KIWI CASINO TOLD TO LEAVE THE INTERNET

06 August 2007

Christchurch Casino has been forced to exit the Internet Gambling business, Internal Affairs has forced Christchurch Casino to exit, but they also let the company continue its two online casinos and bingo and poker sites for seven months after deciding they had breached the Gambling Act.

The company will have amp time to sell the business as a going concern to overseas owners. Kiwi Casino.com was launched by Christchurch in 2000 as it first online casino. Which later expanded its Net gaming activities to include portfolio sister websites offering online bingo and poker.

In August, 2006, the department told Christchurch Casino that its involvement in Internet Gambling breached the Gambling Act,that was passed in 2003. Clearing it after an earlier investigation which carried out under previous legislation, that also prevented organizations other than the TAB from accepting bets from Kiwi’s over the Net.

Trevor Henry, spokesman, said “Internal Affairs never sent a letter asking Christchurch Casino to “cease and desist.” Instead, Christchurch Casino told Internal Affairs in October of 2006, that it intended to sell the business, which is confirmed it had done in a letter to the department in March of 2007. Mr. Henry defended the delay. He said “the way these things work, there are always exchanges and arguments and so forth. We reached the decision and we will be sending a letter, also in the meantime we got advice to say we are selling.”

Rich Barker, Internal Affairs Minister said “He is satisfied with the process the department followed. “ “Prior to taking prosecution action, the department sought Crown Law to confirm its view. It received this on February, 23 2007.” “Had Christchurch Casino chosen to keep the website and defend the issue through the courts, the process would have taken longer.”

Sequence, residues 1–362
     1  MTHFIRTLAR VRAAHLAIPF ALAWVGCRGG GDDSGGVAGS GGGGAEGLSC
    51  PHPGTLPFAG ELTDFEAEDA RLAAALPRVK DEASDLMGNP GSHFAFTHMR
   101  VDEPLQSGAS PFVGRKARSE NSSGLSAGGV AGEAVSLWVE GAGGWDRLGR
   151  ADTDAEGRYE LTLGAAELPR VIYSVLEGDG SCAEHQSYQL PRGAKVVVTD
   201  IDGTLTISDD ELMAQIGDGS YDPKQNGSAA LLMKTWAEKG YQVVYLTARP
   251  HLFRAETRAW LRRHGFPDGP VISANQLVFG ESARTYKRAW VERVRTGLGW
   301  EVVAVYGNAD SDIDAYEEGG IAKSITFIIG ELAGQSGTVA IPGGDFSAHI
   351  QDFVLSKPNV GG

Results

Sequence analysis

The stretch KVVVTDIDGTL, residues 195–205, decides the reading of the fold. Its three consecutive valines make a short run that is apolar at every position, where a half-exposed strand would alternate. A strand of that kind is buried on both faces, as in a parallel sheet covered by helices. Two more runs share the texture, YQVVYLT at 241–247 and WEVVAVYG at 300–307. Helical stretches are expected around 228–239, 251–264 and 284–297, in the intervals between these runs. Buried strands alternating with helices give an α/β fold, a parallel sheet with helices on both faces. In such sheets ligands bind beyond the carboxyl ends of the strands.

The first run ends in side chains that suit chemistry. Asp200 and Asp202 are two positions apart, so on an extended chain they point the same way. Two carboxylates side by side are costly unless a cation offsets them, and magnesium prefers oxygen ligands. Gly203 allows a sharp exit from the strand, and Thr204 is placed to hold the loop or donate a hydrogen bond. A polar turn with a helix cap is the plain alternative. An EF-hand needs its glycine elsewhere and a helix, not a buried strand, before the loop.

Mr. Henry also says “the investigation will be closed once Internal Affairs has confirmed that no New Zealand entity now has an ownership interest in Kiwi Casino.”

Kiwi Casino made the sale public after a repart came from Mr. Barker by the department last month. The report addressed allegations of loan sharking and other impropriety at the casino that had led to calls for public enquiry.
Internal Affairs said “the allegations had been used to suggest that the casino was not properly managed and that the department was “not an effective casino reulator”.

The investigation began in November of 2000, when Internal Affairs began its first investigation into the legality of Kiwi Casino. Christchurch ran the company through an overseas subsidiary, “Christchurch Casino E-Gaming Investments”, using a license issued by the Government of Antiqua and Barbuda.

In 2002, papers were released to NZ InfoTech, under the Official Information Act that showed Internal Affairs let its investigation lapse after accepting assurances from Christchurch Casino that procedures were in place that made it difficult for New Zealanders to register to use its websites.

Gregory Crott, Internal Affairs’ national manager of gaming compliance at the time, finally closed the departments investigation in 2002 after NZ InfoTech requested an update on its status. He cited “the length of time taken on the investigation” as one reason for the decision. Mr. Henry says “Internal Affairs kicked off a fresh investigation in August 2005 on the initiative of its Christchurch inspectorate, a year after the Gambling Act came into force.

NZ InfoTech reported in 2002, the department gave Christchurch Casino the benefit of doubt. That was under the legislation current at that time. But that the situation changed under the Gambling Act, which also included a specific provision covering remote interactive gambling.

Internal Affairs did confirm they received free meals from Christchurch Casinos canteen for 10 years through October 2004, after it was reported by The Press, and still continued means but with a price of $2 per meal. Inspectors have now been told not to eat at the canteen until after a further review.